Ocean and atmospheric circulation play an essential role in sustaining life by moderating climate over much of Earth's surface. An important part of the circulation of heat and freshwater and other sea water constituents are ocean surface currents. Their strength and variability play a role in weather and climate, impact environments for all life on Earth.

Global surface current patterns are driven by the wind, impacted by the barriers to flow provided by the land masses and the rotation of the earth, and ultimately derive their energy (like the wind) from the sun.

Two circulation patterns dominate the ocean: wind-driven currents in the upper ocean and the circulation in the deep ocean. Wind-driven currents are maintained by momentum transferred by the winds to the ocean surface. Ocean the wind sets the surface waters in motion as a current, the Coriolis force, the density distribution of sea water, and the shape of the ocean basin modify the speed and direction of the current.

Western boundary currents such as the Gulf Stream are among the fastest surface currents in the ocean. Western boundary currents flow toward the poles, northward in the Northern Hemisphere and southward in the Southern Hemisphere along the western boundaries of the ocean basins. Water moving in these currents transport large quantities of heat from tropics to mid-latitudes.

AVHRR - SST of the Gulf Stream
Pictured above is the East Coast of the United States, in grey, with the Gulf Stream, in orange, revealed through Sea Surface Temperature data (SST), made from the AVHRR (Advanced Very High Resolution Radiometer) sensor carried on a NOAA satellite. In this image, purple and blue represent the coldest temperatures (between 0-15 °C) and orange and red represents the warmest temperatures (between 22-32°C). The Gulf Stream is easily visible as the warmest water in the image and reaches from the Carribbean to as far north as Delaware.
Credit: Gulf Stream Tutorial.

Eastern Boundary currents, such as the California current are slower, shallower, and wider than the western boundary currents. Similar to the return flow in a household heating system, these currents transport colder waters into the tropics where they are heated and transported poleward in the western boundary currents.

Ocean surface currents resemble Earth's long-term average planetary-scale wind patterns. Surface currents form gyres roughly centered in each ocean basin. Viewed from above, currents in these subtropical gyres flow in a clockwise direction in the Northern Hemisphere and a counterclockwise direction in the Southern Hemisphere.

How do we gather and use ocean surface current data?

Ocean surface current research focuses on six threads: Older methods include tracking drifting objects (flotsam) and shift drift data (from navigation logs). Newer methods include satellite derived currents, surface current following drifters, surface feature tracking, and high frequency radar studies.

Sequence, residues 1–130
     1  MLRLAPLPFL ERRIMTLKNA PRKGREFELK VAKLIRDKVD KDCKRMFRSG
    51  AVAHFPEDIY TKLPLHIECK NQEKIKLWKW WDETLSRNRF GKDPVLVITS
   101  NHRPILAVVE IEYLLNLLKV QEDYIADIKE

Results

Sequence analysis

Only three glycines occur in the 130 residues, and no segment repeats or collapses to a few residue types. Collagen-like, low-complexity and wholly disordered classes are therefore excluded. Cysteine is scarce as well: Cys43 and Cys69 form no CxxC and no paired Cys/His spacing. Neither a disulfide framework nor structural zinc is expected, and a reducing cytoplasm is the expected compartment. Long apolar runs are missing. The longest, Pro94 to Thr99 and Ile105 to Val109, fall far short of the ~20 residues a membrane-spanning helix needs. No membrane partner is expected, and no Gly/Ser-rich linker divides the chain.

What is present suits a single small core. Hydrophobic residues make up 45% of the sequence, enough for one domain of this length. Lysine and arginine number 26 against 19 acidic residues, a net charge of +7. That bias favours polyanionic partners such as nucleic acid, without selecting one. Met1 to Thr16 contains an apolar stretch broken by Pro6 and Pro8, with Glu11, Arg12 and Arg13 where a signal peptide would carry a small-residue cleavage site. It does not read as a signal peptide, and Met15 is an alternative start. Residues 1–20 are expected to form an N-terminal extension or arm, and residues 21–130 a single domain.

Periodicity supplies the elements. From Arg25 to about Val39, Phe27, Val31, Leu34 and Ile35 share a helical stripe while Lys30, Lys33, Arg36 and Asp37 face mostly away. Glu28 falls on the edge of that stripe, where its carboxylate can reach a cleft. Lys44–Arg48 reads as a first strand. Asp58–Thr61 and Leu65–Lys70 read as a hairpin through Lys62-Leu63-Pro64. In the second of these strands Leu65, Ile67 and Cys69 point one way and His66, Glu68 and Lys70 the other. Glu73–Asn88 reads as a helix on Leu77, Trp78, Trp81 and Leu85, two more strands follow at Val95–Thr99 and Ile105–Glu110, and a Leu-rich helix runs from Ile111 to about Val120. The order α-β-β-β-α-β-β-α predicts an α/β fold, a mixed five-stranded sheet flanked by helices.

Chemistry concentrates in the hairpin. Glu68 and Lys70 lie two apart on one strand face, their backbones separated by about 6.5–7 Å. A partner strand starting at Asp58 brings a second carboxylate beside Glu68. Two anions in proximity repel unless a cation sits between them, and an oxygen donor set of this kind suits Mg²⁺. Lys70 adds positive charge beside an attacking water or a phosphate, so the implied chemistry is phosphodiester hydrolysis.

The following satellites and the instruments they carry are used for this research:

  • TOPEX/Poseidon and Jason-1 measure ocean surface topography and circulation response to winds. These measurements allow scientists to study the ties between the oceans and atmosphere, to improve global climate forecasts and predictions, and to monitor events such as El Niño conditions and ocean eddies.
  • QuikSCAT uses the on-board SeaWinds instrument to observe wind speed and direction. The QuikSCAT mission seeks to acquire all-weather, high-resolution measurements of near-surface winds over the global oceans. SeaWinds data is also combined with measurements from scientific instruments in other disciplines to help us better understand the mechanisms of global climate change and weather patterns.
  • The SeaWiFS instrument observes how subtle changes in ocean color signify various types and quantities of marine phytoplankton (microscopic marine plants). The large-scale patterns formed by drifting concentrations of phytoplankton show scientists the location and movement of ocean surface currents.
  • Terra's MODIS instrument monitors large-scale changes in the biosphere that yield new insights into the workings of the global carbon cycle and global heat transport via the ocean. MODIS can measure the photosynthetic activity of phytoplankton to yield better estimates of how much carbon is being absorbed and used in plant productivity. Coupled with the sensor's surface temperature measurements, MODIS' measurements of the biosphere are helping scientists track the sources and sinks of carbon dioxide in response to climate changes. Scientists in physical oceanography use surface temperature measurements and the location of phytoplankton to identify the location and movement of ocean surface currents.

How does this research impact our lives?

For centuries, people have used ocean surface currents to explore the world and transport good to market. Today we use them to take the most efficient path to save fuel in the shipping industry, to win a sailboat race, and to track pollution such as oil spills or assist in search and rescue operations. Ocean surface currents contribute to studies of severe weather such as hurricanes, short-term climate phenomena such as El Niño and long-term climate variability.